A 45-minute drive from the capitol found the team in Kpone, a fishing village where families live in mud huts. Most of the families the team encountered live in close-knit tribes that have not changed their standards of living despite their proximity to the westernized capital. The team members split up and lived in homes with Ghanaian families. Watson calls this experience exhausting, but fascinating.

"They're never lonely," Watson said of the Ghanaian people with whom he lived. "They're always surrounded with a very supportive, close-knit community. Parents will leave for a year or two to study in America or something, and the family won't miss a beat."

While visiting Kpone, Watson observed that most Ghanaian families live in tribal systems where unwritten codes of conduct are strictly adhered to. Each person has a defined role, from children up to tribal chiefs. Watson said there are few behavioral problems in Ghanaian societies, perhaps as a result of this clarity. The Ghanaian people asked the mission team about public shootings in the United States because "they don't understand how someone can become so isolated and depressed that it could get to that point," Watson said.

Watson's trip was the third for the Denver Presbytery Ghana Partnership, an alliance between three Presbyterian churches in Denver with Bethel Presbyterian Church and Osu Presbyterian Boys Primary School (OPBPS) in Ghana.

This partnership would not be possible without the Rev. Ebenezer Nii Narh Yebuah, Watson said. A doctoral student at the University of Denver and Iliff Theological Seminary, Yebuah attended OPBPS as a child. Fifteen years ago, he began building Bethel Presbyterian in Kpone. He also worked as a pastor at Bethel Presbyterian before returning to school in the United States.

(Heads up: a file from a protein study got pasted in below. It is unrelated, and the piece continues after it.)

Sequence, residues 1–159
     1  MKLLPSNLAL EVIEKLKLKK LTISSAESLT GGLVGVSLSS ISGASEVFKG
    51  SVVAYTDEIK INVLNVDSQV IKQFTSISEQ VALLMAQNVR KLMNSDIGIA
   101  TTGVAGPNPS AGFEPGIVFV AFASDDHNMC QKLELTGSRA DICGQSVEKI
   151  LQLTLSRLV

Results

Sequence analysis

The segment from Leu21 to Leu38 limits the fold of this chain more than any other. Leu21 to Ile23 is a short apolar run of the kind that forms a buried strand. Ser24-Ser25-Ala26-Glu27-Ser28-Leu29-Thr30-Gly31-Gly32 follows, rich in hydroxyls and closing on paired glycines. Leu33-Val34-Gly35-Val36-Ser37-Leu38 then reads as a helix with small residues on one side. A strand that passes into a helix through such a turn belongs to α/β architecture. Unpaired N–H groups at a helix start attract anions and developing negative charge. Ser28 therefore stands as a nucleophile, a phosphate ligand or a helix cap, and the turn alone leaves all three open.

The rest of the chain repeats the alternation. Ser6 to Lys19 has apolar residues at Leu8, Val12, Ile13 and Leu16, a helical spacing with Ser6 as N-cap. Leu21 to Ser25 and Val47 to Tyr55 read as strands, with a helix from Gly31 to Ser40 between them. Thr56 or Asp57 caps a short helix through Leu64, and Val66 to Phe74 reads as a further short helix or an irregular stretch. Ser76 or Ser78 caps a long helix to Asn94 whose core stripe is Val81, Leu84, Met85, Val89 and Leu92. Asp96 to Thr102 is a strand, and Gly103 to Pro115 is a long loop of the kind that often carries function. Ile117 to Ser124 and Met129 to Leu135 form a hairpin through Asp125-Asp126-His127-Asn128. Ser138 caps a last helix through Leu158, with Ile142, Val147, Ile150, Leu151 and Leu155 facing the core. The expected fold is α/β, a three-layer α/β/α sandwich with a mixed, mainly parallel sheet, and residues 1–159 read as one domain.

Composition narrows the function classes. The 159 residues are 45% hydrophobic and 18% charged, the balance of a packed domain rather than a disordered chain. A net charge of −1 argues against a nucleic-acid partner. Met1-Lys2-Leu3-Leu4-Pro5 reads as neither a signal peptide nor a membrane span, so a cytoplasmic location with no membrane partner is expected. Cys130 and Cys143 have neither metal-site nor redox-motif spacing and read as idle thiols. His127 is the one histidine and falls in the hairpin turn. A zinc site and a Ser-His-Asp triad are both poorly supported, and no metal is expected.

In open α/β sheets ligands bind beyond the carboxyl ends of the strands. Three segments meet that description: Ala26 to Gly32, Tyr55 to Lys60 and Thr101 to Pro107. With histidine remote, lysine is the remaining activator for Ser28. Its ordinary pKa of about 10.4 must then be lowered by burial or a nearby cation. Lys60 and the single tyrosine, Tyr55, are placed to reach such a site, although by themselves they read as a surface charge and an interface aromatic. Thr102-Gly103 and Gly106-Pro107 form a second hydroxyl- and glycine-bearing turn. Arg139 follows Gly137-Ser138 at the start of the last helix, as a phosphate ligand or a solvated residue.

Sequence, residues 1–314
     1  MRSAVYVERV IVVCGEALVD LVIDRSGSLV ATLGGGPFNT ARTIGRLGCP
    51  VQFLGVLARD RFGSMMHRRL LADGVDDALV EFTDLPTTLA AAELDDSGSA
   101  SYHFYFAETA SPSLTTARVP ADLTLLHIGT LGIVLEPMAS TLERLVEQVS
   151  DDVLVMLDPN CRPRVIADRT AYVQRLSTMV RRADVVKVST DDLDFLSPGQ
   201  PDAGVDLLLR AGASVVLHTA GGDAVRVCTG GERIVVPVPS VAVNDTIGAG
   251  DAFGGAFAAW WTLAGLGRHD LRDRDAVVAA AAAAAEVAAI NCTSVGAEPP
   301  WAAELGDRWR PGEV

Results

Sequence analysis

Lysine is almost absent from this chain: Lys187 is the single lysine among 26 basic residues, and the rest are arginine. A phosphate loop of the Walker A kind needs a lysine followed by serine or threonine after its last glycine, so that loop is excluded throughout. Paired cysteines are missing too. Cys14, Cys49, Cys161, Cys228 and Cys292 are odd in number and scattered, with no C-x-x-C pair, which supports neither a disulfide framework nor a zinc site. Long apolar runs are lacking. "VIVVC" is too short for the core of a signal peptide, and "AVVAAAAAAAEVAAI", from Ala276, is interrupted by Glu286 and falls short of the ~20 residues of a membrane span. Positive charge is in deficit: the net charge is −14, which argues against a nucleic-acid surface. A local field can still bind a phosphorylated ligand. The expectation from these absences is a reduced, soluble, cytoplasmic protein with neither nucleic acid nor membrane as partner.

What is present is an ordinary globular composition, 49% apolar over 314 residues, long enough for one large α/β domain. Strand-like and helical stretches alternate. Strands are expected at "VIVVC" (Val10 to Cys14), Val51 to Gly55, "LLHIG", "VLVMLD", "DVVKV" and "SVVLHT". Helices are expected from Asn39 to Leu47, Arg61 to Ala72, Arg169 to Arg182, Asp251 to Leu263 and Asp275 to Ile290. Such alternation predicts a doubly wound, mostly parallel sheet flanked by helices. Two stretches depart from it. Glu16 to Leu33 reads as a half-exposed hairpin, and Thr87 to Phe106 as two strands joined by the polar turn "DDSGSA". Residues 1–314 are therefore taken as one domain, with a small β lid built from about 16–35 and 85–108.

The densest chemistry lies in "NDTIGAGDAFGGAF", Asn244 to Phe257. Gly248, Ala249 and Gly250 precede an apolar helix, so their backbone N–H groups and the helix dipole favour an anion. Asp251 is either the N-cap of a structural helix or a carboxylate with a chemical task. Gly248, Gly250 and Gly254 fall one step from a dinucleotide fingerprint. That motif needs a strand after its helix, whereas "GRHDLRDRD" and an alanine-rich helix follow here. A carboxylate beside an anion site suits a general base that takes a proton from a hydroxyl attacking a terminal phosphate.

Yebuah helped the team prepare for the trip by giving them essential briefings about Ghana and its people. With this information, the mission team was able to provide the service that has exemplified all Watson's mission teams. For most of the trip, the team focused on building and remodeling Bethel Presbyterian's church building in Kpone.

The mission team also spent two days in the village of Osu, focusing on increasing technology education at OPBPS. They donated laptop computers and began teaching the students and their teachers how to type.

Throughout the trip, the team took opportunities to teach and learn alongside members of the Ghanaian Presbytery.

"The most important thing is that God is doing a really amazing work in Ghana," Watson said. "It was fun to try to grasp what exactly is going on there, and to see the church so alive."

Despite the immense amount of information Watson absorbed in Ghana, he still has questions.

"Why is the church so successful over there, and why are they strong in areas where we aren't?" Watson asked. "Why are they struggling in areas where we aren't?"

These questions have followed Watson throughout his career, and they will continue to drive his ministry. Whether trying to learn about overseas branches of Christianity or serving forgotten pockets of humanity in the United States, missions will remain at the heart of Watson's mission.